Illinois Library Association Trustee Forum

The ILA Trustee Forum is made up of all the ILA member library trustees or ILA individual member trustees. In Illinois, some trustees are elected by the voting electorate and some are appointed by the current appointing official. It depends on the structure that the library was based on when it was originated or changed through other means.

There is an Executive Board that represents the members. This board meets at their member library five times a year to plan events for trustee training. Two major events that offer trustee training are the Winter Trustee Training held in February at the Oak Brook Marriott Hotel and the ILA Annual Conference held in various locations chosen in advance to accommodate members from throughout Illinois.  The major training day is Trustee Day but there are a variety of programs that trustees can attend to learn more about the workings of the library throughout the conference.

The Executive Board members today represent Bridgeview, Maywood, Lincolnshire, Buffalo Grove, East Dundee, Lake Zurich, Streamwood, Elgin, Brookfield, Homewood and Bolingbrook.

The library trustees are always encouraged to expand their knowledge about serving as a trustee and advocate for their own library as well as all libraries in general. There are several outside events that trustees can attend such as the ILA Legislative Meet Ups each winter/spring and the ALA Washington DC Legislative Day held in early May.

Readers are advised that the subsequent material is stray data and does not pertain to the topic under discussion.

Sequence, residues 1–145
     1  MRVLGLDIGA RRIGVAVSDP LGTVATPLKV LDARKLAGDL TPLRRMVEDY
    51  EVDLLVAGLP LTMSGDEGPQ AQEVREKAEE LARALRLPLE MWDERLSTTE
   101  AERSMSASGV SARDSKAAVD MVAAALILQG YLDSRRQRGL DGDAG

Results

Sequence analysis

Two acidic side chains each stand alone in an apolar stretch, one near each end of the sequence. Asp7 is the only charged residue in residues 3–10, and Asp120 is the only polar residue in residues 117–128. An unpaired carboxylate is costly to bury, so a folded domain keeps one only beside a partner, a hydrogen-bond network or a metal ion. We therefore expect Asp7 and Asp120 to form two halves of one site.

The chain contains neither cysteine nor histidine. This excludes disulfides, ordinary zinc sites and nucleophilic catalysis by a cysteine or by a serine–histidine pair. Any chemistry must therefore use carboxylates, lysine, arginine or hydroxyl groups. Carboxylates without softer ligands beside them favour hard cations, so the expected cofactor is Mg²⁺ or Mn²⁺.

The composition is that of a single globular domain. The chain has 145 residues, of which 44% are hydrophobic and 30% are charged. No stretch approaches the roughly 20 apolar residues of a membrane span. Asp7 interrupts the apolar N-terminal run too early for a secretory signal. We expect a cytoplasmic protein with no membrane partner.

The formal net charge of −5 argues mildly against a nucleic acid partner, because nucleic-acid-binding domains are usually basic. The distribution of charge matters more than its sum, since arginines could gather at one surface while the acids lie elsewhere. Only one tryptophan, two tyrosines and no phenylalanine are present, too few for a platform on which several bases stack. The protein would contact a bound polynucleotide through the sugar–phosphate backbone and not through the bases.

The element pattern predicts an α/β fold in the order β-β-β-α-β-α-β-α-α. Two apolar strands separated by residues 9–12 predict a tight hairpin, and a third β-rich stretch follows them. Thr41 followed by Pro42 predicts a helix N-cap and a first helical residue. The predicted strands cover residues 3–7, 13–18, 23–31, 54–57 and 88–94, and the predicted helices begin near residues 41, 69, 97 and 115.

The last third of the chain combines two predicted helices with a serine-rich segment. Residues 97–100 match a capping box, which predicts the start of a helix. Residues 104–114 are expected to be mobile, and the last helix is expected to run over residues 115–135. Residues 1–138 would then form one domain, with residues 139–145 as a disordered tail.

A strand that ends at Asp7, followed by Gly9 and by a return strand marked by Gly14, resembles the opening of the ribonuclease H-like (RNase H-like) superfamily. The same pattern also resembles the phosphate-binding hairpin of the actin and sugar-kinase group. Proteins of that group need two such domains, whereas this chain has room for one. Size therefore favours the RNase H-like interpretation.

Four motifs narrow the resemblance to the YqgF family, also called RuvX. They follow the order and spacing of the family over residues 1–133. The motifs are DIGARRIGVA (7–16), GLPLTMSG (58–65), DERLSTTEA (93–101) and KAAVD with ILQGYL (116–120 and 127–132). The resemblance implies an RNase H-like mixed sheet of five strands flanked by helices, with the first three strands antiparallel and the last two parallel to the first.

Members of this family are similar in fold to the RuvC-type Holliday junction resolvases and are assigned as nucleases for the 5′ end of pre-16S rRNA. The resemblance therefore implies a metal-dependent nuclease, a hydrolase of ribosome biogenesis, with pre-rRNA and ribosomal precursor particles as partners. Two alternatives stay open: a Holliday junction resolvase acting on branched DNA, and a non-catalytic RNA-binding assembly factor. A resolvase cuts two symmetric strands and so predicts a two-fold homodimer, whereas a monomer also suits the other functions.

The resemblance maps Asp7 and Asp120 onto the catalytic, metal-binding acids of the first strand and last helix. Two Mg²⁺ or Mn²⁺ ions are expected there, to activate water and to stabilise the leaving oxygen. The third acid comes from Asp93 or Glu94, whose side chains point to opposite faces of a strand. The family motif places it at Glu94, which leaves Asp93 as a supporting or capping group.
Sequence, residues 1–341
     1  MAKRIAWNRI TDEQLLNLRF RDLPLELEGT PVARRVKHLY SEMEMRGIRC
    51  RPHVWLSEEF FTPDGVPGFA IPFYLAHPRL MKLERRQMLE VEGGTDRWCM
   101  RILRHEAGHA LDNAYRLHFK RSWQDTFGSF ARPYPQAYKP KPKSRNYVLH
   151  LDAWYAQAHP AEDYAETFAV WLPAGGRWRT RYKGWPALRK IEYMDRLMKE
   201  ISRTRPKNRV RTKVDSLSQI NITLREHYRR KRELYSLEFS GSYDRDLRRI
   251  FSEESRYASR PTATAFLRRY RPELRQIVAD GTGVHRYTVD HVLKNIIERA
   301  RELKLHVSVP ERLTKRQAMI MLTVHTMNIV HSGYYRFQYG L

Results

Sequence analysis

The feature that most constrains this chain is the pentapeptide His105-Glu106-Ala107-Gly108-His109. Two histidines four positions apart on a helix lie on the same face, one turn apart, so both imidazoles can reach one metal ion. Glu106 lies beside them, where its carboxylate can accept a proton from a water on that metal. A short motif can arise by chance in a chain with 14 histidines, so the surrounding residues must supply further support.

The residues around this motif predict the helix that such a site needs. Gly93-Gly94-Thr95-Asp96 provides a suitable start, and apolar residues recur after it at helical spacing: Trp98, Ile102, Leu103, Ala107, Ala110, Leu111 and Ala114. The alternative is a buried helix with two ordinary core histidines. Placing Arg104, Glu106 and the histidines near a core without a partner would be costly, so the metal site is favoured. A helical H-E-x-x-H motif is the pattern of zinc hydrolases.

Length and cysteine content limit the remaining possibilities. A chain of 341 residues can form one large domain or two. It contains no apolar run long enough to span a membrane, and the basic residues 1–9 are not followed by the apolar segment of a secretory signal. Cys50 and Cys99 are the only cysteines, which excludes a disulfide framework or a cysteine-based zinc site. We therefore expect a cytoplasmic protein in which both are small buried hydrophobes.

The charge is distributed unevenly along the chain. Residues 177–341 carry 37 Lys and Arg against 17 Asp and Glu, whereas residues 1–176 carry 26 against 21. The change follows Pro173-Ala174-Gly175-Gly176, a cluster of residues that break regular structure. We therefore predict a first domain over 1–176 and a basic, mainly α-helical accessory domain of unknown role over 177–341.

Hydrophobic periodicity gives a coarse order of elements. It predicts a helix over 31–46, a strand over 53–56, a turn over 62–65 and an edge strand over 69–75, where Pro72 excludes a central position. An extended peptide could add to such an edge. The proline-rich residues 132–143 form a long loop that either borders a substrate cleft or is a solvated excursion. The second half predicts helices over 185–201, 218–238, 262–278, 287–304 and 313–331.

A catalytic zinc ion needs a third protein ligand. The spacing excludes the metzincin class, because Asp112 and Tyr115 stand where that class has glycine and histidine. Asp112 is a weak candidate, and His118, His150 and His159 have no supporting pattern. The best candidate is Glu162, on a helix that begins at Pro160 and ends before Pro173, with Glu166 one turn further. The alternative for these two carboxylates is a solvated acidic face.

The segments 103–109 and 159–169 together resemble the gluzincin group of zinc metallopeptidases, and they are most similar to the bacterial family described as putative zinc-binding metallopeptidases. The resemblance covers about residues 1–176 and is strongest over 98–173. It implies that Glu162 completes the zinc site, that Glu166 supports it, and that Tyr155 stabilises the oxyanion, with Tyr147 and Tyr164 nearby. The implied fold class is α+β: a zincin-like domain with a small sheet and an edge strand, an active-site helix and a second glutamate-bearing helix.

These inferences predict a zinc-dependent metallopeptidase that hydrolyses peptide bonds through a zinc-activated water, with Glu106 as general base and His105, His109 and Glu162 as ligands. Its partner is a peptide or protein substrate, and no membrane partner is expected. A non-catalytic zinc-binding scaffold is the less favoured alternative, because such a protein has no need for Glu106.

At the last ILA Winter Trustee Training, the morning session was The Advocacy Boot Camp presented by James LaRue and Marci Merola of the American Library Association. The afternoon session was learning about current legislation in Illinois supported by ILA and explained by Derek Blaida, ILA Legislative Consultant.  There also was a Question and Answer session led by Ancil Glink Lawyers on current issues libraries face in Illinois today that affect the role of the trustee.

Currently Trustee Day is being planned for the ILA Annual Conference to be held in Peoria, October 9 – 11, 2018 with new sessions developed by Nancy Sylvester on Board Staff Relationships and Roles as well as the Ethical Use of Parliamentary Procedure by trustees. Additional programs are also being studied as to relevance, time, presenter and demand.